I've lived with short bowel syndrome (SBS) for so long that became to mean just a side effect of my surgeries. I never thought of it as a disease or condition, but the more I read about it, the more I began to realize that SBS is not just a side effect, it’s a real condition which requires its own treatments beyond vitamin and mineral supplements. The National Organization for Rare Disorders (NORD) even states that short bowel syndrome is a complex disease that occurs due to the physical loss or the loss of function of a portion of the small and/or large intestine.
Familial Adenomatous Polyposis (FAP) itself is the original source of my health issues. Without FAP I wouldn't have these issues, yet they aren't symptoms of FAP. They are symptoms of the SBS, a completely separate diagnosis. My understanding of SBS expanded from a simple result that increases difficulty absorbing nutrients and causes diarrhea that may require medication to a revelation that connected all the dots of various bits of information to create a large net capturing multiple issues and symptoms.
I’ve learned new aspects of SBS that I never knew, for example, edema of the legs and feet may occur as a result of being malnourished from short bowel syndrome. Prior to this I simply explained away bothersome symptoms as my body having sensitivity to food. I now understand that the bloating and cramping pain I experience whenever I eat is actually the SBS. The 5 years of struggles with excessive malabsorption and inability for any medications to control stools wasn't just my body recovering from surgery. It was my SBS and a new period of intestinal adaptation that was brought on by my second round of surgeries in high school.
After my first round of surgeries in grade school, I was left with an ileostomy. The SBS wasn't as apparent as it has been with my straight pull-thru. With my ileostomy, I remained malnourished until I was placed on a weight gaining diet the following year and I maintained appropriate electrolyte levels and weight until my next set of surgeries in high school. I attribute the differences in my ability to maintain electrolytes to the position of my intestine.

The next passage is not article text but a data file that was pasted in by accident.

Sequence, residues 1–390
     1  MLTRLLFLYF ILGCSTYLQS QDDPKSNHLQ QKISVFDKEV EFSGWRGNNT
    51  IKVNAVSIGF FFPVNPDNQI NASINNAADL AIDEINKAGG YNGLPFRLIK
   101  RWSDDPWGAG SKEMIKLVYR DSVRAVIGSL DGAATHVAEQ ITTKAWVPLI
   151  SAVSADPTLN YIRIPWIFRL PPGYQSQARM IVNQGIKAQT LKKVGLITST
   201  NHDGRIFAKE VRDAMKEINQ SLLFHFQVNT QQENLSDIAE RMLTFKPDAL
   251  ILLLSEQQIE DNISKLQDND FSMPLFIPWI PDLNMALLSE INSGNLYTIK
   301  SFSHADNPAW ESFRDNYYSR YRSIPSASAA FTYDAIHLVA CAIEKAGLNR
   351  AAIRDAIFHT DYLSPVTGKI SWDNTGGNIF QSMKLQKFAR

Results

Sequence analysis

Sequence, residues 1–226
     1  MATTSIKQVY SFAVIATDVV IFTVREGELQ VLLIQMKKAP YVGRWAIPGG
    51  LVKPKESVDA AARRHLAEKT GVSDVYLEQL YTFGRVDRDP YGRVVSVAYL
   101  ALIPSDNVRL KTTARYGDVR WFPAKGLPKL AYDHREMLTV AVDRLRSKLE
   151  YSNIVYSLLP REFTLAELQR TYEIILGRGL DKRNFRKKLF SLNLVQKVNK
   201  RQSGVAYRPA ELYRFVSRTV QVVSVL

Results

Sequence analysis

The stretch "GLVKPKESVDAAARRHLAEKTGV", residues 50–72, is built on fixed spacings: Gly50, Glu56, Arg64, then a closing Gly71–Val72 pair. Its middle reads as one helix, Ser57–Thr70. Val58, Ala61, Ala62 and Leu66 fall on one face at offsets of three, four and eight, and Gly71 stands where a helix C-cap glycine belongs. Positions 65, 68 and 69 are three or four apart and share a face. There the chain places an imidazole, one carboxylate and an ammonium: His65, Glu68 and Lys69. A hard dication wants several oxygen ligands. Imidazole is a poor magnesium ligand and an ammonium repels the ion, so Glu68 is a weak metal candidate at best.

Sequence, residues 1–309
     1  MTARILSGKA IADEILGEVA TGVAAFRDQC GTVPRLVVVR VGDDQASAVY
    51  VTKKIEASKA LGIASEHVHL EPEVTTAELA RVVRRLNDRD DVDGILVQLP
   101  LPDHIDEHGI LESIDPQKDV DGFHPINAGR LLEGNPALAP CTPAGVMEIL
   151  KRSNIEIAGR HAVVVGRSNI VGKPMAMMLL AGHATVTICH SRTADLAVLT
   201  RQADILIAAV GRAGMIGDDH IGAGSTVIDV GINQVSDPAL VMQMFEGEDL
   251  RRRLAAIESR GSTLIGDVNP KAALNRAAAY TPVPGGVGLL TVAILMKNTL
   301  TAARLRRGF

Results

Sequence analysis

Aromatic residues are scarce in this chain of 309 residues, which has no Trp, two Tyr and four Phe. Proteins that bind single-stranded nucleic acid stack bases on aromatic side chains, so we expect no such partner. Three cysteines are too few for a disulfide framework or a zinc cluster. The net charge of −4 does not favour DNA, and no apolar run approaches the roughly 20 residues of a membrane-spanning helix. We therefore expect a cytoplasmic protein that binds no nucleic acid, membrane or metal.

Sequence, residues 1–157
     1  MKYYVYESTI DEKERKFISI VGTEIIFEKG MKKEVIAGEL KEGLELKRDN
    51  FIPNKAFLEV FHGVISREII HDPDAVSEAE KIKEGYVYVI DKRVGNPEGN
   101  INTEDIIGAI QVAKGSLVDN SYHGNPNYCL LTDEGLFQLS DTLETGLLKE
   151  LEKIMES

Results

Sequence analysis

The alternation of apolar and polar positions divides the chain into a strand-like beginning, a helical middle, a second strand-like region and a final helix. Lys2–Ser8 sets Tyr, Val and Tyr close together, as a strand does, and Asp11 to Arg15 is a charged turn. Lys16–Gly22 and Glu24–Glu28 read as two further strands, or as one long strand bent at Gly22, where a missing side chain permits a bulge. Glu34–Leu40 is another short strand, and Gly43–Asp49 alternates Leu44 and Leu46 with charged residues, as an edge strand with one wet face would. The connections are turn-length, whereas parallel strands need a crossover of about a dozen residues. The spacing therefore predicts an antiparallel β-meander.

With an ileostomy, there is more folding or kinks in the intestine as it is moved to exit the abdomen. However, with a straight pull-thru the intestine is stretched into straighter positions for reconnection to the rectum. My SBS has been present since my first round of surgeries but the symptoms weren't as visible or severe until the straight pull-thru was performed. One nice side effect though is I will never have to limit my sodium intake!
My mother and I have mild cases of short bowel compared to others who require more drastic measures of treatment to manage SBS symptoms and obtain nutrients. I briefly required TPN or Parenteral Nutrition for about 6 months in high school due to uncontrolled SBS that led to an ulcer at the area of reconnection. This ulcer led to a hole in my intestine. This experience provided a deep appreciation for anyone requiring ongoing artificial nutrition treatment as this was a major inconvenience, uncomfortable and at times painful ordeal.
Here's what a bad day feels like with short bowel, as described by my mother:
"Being aware, constantly, that dry chicken, steak or ribs will likely cause an intestinal blockage as well as vegetables such as green beans is only one of the checklist items I need to take care of. A daily dose of extra iron and vitamin D in addition to a daily regimen of prescription drugs must be scheduled along with adequate time for the extra restroom visits as I plan my activities. The constant pressure is like an irritating buzzing mosquito that you can't possibly get rid of and that routinely settles in for a more thorough attack; intestinal blockages, ER visits, hospitalizations, outpatient procedures, regular checkups, and the list goes on. No wonder my family accuses me of having a temper, I do have issues that cause an everlasting amount of psychological pressure. Part of this pressure is the fact my daughter also faces a daily life filled with chronic pain and health issues associated with her own short bowel."
Regardless of the level of severity, SBS deserves more attention and care in order to properly maintain the best health possible. Although difficult some days it can be manageable, but it takes time for symptoms to improve and for our bodies to heal or adjust to a new norm. NORD is a wonderful resource for information on more than 1,200 rare diseases and they offer a full report on short bowel syndrome.
This post originally appeared April 2, 2015 on Life's a Polyp.